UK – Unilever, the world’s biggest ice cream manufacturer, sees the use of precision fermentation as a “significant trend” for the future and has decided to invest in “cow-free dairy” as part of efforts to reduce the carbon footprint of its ice cream.
The British multinational consumer goods company said it is working with start-ups in Europe on the technology and could launch a product next year.
According to The Good Food Institute, which is an NGO advocating for alternative sources of protein, precision fermentation “uses microbial hosts as ‘cell factories’ for producing specific functional ingredients that typically require greater purity than the primary protein ingredients, and are incorporated at lower levels.”
The start-ups in the space are using the technology to mimic cow-derived protein used in many dairy products making.
Reports say Unilever invests around 1% of its turnover on ice cream R&D, with no sufficient information on how much of that is being funneled into precision fermentation.
Unilever’s chief R&D officer for ice cream, Andrew Sztehlo said the biggest challenges for products made using precision fermentation lie in the development of the proteins, associated innovation costs, and getting the taste right.
The investment is one of three methods the company is using to reduce the greenhouse gas emissions from its ice cream business. The others are using plant-based protein and something Unilever dubs “better dairy” – managing the quality of feed given to cows to reduce the number of greenhouse gases emitted.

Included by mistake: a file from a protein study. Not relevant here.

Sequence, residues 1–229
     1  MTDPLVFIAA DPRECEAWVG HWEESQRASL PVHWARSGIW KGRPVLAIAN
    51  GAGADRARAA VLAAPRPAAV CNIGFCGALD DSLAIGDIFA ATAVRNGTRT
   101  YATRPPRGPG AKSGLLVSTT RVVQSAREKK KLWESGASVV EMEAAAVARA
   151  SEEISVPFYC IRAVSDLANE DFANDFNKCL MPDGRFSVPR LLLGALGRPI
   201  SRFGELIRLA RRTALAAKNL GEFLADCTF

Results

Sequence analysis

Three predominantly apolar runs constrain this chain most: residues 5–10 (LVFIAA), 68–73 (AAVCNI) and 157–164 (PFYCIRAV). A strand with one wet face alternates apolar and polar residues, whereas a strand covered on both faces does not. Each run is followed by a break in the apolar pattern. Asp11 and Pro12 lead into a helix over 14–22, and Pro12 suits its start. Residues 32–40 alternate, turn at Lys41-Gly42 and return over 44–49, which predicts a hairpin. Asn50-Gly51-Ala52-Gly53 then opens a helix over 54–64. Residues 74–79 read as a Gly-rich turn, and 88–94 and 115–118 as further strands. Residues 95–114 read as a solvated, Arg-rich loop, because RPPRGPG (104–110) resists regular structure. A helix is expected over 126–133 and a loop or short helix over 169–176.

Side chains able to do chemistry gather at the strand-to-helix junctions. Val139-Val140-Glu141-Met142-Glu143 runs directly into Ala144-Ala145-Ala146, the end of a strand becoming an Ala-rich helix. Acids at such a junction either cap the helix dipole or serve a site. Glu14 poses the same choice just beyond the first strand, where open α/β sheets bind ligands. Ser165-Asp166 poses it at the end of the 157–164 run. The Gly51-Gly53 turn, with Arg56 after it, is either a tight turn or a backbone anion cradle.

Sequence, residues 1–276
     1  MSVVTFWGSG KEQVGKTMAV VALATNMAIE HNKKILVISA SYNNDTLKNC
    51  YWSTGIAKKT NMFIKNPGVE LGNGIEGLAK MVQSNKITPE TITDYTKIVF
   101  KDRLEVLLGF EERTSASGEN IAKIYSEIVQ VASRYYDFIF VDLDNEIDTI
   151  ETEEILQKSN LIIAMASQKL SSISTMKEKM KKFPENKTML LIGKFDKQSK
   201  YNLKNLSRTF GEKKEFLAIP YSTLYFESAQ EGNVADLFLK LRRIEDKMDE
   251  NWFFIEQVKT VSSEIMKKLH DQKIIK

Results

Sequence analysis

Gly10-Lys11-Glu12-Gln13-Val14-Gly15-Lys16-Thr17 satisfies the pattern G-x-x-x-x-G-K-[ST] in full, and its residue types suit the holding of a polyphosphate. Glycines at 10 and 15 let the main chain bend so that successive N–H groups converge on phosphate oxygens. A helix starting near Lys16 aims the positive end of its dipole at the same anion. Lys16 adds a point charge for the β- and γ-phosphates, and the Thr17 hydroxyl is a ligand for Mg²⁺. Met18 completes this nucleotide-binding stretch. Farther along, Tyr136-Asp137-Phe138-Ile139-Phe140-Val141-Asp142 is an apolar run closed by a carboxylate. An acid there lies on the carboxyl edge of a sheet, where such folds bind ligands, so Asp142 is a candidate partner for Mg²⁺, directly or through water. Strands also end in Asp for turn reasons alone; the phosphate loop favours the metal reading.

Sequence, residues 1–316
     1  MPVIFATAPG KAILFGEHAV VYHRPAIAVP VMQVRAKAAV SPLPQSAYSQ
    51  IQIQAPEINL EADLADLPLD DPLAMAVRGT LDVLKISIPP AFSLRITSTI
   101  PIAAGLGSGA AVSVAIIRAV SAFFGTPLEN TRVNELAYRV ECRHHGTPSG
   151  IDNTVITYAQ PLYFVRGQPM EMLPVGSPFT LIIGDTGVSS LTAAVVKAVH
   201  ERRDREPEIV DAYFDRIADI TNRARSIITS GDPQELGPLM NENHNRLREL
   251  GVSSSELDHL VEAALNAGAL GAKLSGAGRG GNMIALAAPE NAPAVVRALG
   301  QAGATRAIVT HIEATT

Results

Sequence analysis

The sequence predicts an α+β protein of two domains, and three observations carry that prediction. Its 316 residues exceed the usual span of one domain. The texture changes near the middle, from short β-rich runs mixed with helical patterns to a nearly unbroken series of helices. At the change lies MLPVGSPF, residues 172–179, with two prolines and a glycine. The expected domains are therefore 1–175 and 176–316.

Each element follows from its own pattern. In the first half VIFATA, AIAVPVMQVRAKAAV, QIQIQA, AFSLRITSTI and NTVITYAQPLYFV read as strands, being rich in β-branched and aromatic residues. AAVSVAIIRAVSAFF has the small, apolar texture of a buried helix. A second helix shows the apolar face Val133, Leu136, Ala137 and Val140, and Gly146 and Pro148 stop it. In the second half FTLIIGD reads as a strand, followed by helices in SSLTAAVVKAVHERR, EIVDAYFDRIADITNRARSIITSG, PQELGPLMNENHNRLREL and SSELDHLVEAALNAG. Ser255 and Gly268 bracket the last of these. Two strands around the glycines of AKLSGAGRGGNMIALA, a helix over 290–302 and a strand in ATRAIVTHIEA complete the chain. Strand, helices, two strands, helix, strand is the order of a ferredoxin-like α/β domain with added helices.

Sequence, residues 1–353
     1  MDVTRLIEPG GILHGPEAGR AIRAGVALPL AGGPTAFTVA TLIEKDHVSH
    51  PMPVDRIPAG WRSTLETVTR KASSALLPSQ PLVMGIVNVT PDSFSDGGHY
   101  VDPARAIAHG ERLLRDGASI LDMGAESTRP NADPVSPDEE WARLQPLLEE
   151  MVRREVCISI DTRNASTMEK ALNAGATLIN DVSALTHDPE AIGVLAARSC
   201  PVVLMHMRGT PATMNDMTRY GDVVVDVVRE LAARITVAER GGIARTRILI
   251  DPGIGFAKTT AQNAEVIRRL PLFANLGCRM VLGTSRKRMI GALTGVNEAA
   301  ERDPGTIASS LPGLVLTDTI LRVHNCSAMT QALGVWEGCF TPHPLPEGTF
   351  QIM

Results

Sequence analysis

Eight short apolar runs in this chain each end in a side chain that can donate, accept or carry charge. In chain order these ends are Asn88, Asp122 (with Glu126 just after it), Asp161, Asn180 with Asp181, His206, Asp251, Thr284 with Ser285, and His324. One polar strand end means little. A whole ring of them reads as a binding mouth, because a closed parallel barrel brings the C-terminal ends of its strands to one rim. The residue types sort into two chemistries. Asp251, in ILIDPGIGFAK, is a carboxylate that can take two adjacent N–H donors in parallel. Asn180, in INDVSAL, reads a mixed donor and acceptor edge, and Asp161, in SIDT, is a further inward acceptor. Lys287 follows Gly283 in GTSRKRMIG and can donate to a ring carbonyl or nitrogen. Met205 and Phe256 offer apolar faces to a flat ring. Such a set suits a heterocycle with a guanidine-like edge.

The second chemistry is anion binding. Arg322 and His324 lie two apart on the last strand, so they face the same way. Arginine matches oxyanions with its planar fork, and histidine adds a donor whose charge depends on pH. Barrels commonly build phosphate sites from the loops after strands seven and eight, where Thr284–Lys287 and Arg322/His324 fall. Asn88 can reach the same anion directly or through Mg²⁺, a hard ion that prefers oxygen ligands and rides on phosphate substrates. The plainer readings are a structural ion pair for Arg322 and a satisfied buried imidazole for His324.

In September, Nestlé announced plans to develop animal-free dairy products in conjunction with US-based Perfect Day, a company that makes animal-free protein.
Nestlé will pilot a product through its newly-established US R&D Accelerator, bringing it to the US market later this year as a “test-and-learn.”
Elsewhere, Israeli food tech company Wilk developed the world’s first yogurt made with cultured milk fat, validating its technological capabilities.
The product, made with both traditional dairy products and dairy created by cultivated cells, was validated by external laboratories as meeting chemical and biological requirements to be yogurt, the company said.
Wilk, formerly known as BioMilk, grows mammary cells from cows and humans, and when the cells have matured, Wilk has a patented process to get those cultivated cells to produce milk, then the milk is separated from the cells.
Although, not a typical precision fermentation used by Perfect Day and other companies to create dairy proteins by fermenting yeast with modified DNA, milk produced by cultured cells has also a wider array of nutrients.